The recipe is also completely malleable, meaning you could do eggplant and sausage or prosciutto and mozzarella. You could add vegetables like spinach or kale, or fruit like pear or pomegranate, or nuts or chestnuts. Remember to allow two hours for cooking.
(We had a bear of a time tracking down permission to reprint this recipe. Epicurious, which ran the recipe online, referred us to the cookbook publisher, Houghton Mifflin, who referred us to the Vatican. Finally, the Pope said it was okay.)
Pumpkin Stuffed With Everything Good
From: Dorie Greenspan, Around My French Table
Makes: 2 very generous servings or 4 more genteel servings
1 pumpkin, about 3 pounds
Salt and freshly ground pepper
1/4 pound stale bread, thinly sliced and cut into 1/2-inch chunks
1/4 pound cheese, such as Gruyère, Emmenthal, cheddar or a combination, cut into 1/2-inch chunks
2-4 garlic cloves (to taste), coarsely chopped
4 slices bacon, cooked until crisp, drained, and chopped
About 1/4 cup snipped fresh chives or sliced scallions
1 tablespoon minced fresh thyme
About 1/3 cup heavy cream
Pinch of freshly grated nutmeg
1. Center a rack in the oven and preheat the oven to 350 degrees F. Line a baking sheet with a silicone baking mat or parchment, or find a Dutch oven with a diameter that's just a tiny bit larger than your pumpkin. If you bake the pumpkin in a casserole, it will keep its shape, but it might stick to the casserole, so you'll have to serve it from the pot. If you bake it on a baking sheet, you can present it freestanding, but maneuvering a heavy stuffed pumpkin with a softened shell isn't easy.
2. Using a very sturdy knife--and caution--cut a cap out of the top of the pumpkin. You want to cut off enough of the top to make it easy for you to work inside the pumpkin. Clear away the seeds and strings from the cap and from inside the pumpkin. Season the inside of the pumpkin generously with salt and pepper, and put it on the baking sheet or in the pot.
3. Toss the bread, cheese, garlic, bacon and herbs together in a bowl. Season with pepper--you probably have enough salt from the bacon and cheese, but taste to be sure--and pack the mix into the pumpkin. The pumpkin should be well filled. Stir the cream with the nutmeg and some salt and pepper and pour it into the pumpkin. Again, you might have too much or too little--you don't want the ingredients to swim in cream, but you do want them nicely moistened. (It's hard to go wrong here.)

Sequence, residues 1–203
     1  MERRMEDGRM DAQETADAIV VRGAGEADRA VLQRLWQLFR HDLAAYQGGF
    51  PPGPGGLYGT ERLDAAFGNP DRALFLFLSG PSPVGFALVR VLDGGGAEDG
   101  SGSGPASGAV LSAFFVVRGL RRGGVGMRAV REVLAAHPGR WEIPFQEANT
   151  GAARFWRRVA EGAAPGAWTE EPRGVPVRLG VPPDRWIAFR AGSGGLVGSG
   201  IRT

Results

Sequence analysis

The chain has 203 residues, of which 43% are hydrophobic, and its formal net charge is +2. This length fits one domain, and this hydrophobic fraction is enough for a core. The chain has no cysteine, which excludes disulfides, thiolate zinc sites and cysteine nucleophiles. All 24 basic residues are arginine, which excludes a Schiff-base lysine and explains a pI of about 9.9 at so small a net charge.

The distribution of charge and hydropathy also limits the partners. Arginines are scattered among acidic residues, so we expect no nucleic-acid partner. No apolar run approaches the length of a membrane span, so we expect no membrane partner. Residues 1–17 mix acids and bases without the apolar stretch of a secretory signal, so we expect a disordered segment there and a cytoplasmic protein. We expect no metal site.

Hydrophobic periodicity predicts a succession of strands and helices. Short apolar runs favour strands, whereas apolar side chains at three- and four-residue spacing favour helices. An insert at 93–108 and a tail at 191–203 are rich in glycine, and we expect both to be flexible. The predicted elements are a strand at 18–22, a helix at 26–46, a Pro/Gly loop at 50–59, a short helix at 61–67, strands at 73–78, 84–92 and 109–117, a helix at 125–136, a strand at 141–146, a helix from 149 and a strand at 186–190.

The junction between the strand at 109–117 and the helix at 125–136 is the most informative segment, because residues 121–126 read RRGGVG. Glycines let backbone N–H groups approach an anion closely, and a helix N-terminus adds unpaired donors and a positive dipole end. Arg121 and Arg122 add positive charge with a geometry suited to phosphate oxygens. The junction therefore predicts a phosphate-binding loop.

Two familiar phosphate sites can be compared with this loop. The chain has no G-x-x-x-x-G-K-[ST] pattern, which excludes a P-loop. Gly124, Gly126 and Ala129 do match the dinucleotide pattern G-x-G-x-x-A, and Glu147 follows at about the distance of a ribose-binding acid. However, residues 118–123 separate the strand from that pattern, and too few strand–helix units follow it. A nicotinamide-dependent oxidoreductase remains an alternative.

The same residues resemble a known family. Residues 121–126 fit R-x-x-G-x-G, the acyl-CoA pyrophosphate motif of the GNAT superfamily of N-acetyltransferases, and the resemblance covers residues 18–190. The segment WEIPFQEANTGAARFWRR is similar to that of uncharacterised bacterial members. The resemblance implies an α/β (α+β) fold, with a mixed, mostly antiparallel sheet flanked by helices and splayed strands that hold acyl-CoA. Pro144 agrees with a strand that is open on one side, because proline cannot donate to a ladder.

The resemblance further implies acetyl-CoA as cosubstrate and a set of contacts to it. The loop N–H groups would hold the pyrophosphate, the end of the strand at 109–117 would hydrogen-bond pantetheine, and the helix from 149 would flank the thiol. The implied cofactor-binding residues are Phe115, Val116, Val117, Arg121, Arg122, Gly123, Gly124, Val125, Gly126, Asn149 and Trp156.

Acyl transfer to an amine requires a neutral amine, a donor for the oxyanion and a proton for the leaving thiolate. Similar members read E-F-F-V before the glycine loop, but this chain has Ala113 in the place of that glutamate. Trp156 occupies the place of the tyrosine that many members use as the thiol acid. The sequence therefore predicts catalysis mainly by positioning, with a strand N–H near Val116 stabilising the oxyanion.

4. Put the cap in place and bake the pumpkin for about two hours--check after 90 minutes--or until everything inside the pumpkin is bubbling and the flesh of the pumpkin is tender enough to be pierced easily with the tip of a knife. Because the pumpkin will have exuded liquid, I like to remove the cap during the last 20 minutes or so, so that the liquid can bake away and the top of the stuffing can brown a little.
5. When the pumpkin is ready, carefully, very carefully--it's heavy, hot, and wobbly--bring it to the table or transfer it to a platter that you'll bring to the table.
6. To serve, you have a choice--you can either spoon out portions of the filling, making sure to get a generous amount of pumpkin into the spoonful, or you can dig into the pumpkin with a big spoon, pull the pumpkin meat into the filling, and then mix everything up. I'm a fan of the pull-and-mix option. Served in hearty portions followed by a salad, the pumpkin is a perfect cold-weather main course; served in generous spoonfuls, it's just right alongside the Thanksgiving turkey.
"Pumpkin Stuffed with Everything Good" from AROUND MY FRENCH TABLE by Dorie Greenspan. Copyright © 2010 by Dorie Greenspan. Used by permission of Houghton Mifflin Harcourt Publishing Company. All rights reserved.